Which Joe gave his name to ‘sloppy joes’? We look at five interesting sandwiches and their lexical origins.
A person who sets out to defraud or deceive people by persuading them to believe something that is not true.‘his dad was a confidence trickster—spent a lot of time inside’
criminal, lawbreaker, offender, villain, black hat, delinquent, malefactor, culprit, wrongdoer, transgressor, sinnerView synonyms
- ‘What can you say about a boy who starts off in his teens as a confidence trickster, an embezzler, a forger; a teenager who passes himself off as an airline pilot, a doctor and a lawyer, before he is finally arrested by the FBI at the age of 21.’
- ‘Of course, not all ‘alternative’ practitioners are deliberate fraudsters or confidence tricksters.’
- ‘There are others who believe they were betrayed by an organization of cheap confidence tricksters and want to tell the world about it.’
- ‘Another common name for this type of swindler or confidence trickster was magsman, originally the name for a man who ran a pitch-and-toss game, which was itself sometimes called magflying from the mags, halfpennies, which were used in it.’
- ‘A male model recruited by an ‘unscrupulous and sophisticated’ team of international confidence tricksters to help defraud St Paul's Cathedral of £100m has been jailed for six months.’
- ‘To work, films about confidence tricksters need an intricate, believable or ingenious plot and some engaging characters.’
- ‘It has been brought to my attention that the Republic's children are dismissed from school for the summer, making them vulnerable to indulgence, sloth, gluttony, and the enticements of various confidence tricksters.’
- ‘While seeking to recover their money from a confidence trickster, for instance, they are apprehended by police who mistake them for car thieves.’
- ‘But it is also the hallmark of the confidence trickster down the ages.’
- ‘There has even been the discovery of the ultimate internet fear, the confidence trickster masquerading as an internet company.’
- ‘Jerry is a confidence trickster, sidelining as a cut-price assassin.’
- ‘He was a confidence trickster and was very clever at getting people to take his side.’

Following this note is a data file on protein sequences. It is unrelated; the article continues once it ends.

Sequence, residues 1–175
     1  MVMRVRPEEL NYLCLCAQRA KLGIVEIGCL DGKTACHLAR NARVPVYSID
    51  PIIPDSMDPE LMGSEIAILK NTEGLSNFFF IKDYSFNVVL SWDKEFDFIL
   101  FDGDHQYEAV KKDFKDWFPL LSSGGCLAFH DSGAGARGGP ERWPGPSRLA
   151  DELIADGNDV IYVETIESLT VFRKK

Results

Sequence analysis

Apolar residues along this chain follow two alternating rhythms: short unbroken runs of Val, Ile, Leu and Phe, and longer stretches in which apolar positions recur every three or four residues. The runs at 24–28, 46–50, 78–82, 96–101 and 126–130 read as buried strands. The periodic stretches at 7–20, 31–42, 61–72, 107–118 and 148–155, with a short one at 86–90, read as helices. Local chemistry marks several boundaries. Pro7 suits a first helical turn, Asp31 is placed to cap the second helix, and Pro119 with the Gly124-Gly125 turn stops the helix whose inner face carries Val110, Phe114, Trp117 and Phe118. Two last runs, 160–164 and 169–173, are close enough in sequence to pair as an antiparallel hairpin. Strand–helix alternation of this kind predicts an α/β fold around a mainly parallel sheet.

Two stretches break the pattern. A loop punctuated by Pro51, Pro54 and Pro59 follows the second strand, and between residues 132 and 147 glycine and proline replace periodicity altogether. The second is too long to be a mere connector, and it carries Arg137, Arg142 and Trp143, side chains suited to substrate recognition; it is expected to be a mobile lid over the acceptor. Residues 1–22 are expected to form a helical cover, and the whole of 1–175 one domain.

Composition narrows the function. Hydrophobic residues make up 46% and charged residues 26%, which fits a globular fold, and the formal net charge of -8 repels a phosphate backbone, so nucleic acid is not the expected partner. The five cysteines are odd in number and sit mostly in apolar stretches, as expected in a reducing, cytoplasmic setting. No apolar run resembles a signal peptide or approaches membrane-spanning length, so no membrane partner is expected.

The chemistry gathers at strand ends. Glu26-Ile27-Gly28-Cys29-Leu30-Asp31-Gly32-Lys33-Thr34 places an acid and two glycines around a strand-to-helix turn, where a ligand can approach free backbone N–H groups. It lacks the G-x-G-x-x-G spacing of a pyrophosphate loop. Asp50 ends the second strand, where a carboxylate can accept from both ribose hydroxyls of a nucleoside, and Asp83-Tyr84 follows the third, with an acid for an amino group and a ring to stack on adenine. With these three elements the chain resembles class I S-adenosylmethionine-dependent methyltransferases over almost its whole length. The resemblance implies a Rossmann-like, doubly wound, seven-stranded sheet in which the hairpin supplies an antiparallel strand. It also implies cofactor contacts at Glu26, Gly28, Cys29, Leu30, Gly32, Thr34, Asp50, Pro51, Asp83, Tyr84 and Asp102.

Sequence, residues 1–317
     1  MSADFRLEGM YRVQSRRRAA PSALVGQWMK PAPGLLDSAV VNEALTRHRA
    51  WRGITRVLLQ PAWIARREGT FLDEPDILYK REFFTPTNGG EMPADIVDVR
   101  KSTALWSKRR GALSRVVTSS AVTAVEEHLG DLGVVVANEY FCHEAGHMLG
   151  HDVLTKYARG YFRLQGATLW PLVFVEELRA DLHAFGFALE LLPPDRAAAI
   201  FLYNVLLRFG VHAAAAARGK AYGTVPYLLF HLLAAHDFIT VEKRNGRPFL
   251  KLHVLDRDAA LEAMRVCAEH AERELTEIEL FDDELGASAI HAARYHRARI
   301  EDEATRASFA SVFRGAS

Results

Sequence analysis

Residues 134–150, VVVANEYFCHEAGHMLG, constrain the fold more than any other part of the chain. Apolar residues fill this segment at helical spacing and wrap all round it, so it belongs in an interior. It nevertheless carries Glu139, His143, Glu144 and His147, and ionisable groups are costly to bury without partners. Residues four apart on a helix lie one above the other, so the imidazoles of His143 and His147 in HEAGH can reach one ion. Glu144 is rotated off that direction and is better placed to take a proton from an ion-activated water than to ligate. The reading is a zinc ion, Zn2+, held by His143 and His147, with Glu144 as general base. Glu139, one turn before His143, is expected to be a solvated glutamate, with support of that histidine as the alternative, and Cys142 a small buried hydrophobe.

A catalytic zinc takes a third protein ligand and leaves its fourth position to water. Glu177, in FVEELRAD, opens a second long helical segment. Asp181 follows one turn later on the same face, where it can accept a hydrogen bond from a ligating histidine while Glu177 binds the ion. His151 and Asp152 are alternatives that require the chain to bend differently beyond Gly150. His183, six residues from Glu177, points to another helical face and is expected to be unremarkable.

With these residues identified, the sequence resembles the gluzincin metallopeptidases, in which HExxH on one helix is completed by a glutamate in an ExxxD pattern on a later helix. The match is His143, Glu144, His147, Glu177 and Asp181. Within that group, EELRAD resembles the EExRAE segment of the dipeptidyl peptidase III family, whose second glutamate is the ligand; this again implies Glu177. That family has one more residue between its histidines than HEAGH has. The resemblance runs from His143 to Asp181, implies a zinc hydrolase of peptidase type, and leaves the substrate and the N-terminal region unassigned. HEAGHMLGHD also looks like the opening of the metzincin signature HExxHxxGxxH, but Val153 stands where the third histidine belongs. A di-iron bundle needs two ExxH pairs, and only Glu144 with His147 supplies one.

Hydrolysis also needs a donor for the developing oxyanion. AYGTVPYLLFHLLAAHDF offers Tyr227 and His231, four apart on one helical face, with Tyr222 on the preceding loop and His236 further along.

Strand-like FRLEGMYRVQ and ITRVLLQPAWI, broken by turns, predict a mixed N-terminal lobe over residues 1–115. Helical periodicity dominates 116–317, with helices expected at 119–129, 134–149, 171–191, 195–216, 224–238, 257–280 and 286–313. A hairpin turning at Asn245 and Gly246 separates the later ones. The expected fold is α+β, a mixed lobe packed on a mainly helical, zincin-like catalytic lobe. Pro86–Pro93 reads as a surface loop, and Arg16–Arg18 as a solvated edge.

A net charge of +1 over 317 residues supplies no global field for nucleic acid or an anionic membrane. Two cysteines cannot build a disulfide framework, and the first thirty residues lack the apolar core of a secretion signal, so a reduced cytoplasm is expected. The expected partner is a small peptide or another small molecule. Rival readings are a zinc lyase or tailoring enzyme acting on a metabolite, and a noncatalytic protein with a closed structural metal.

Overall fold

- ‘I read about 30 books, watched numerous films and spoke to real life confidence tricksters.’
- ‘Eighteenth century playwrights and novelists often made their hero a criminal, a highwayman or confidence trickster.’
- ‘‘From the safe world of his Yorkshire library information desk Frank finds himself in a world of confidence tricksters and sadistic villains,’ said the spokesman.’
- ‘He would be a confidence trickster who would take his customers for a ride because he is not really interested in them coming back to him again and again.’
- ‘I ordered every book I could find that dealt with confidence tricksters.’
- ‘Call it greed, ignorance or gullibility, some people will always be the ‘marks’ - easy prey for the confidence tricksters.’
- ‘Lies come in many different shapes and sizes, from the white lie with no bad intent, to destructive and elaborate acts of deception - the kind practised by confidence tricksters, or, in recent years, some high profile politicians.’
- ‘They are then only too willing to add more money and attract other investors to this wonderful opportunity - which is exactly what the astute confidence trickster is counting on to continue growing his pyramid.’
Are you looking for a word for a foolish person? We explore twelve interesting words to describe the dunderheads in your life.
Before you run for the hills, let’s run through a list of ‘run’ expressions that are running through our minds.
The definitions of ‘buddy’ and ‘bro’ in the OED have recently been revised. We explore their history and increase in popularity.